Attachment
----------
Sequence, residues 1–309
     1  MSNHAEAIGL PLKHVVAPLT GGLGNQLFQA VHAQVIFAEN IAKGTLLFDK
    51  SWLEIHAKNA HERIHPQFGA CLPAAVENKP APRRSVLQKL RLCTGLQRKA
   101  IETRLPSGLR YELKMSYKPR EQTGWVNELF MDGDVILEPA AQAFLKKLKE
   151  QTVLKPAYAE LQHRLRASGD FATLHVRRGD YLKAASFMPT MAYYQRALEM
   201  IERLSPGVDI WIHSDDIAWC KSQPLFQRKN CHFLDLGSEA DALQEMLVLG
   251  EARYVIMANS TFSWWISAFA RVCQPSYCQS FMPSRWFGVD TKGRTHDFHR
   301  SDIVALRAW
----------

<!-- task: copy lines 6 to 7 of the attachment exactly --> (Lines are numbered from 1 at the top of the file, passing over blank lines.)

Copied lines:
   201  IERLSPGVDI WIHSDDIAWC KSQPLFQRKN CHFLDLGSEA DALQEMLVLG
   251  EARYVIMANS TFSWWISAFA RVCQPSYCQS FMPSRWFGVD TKGRTHDFHR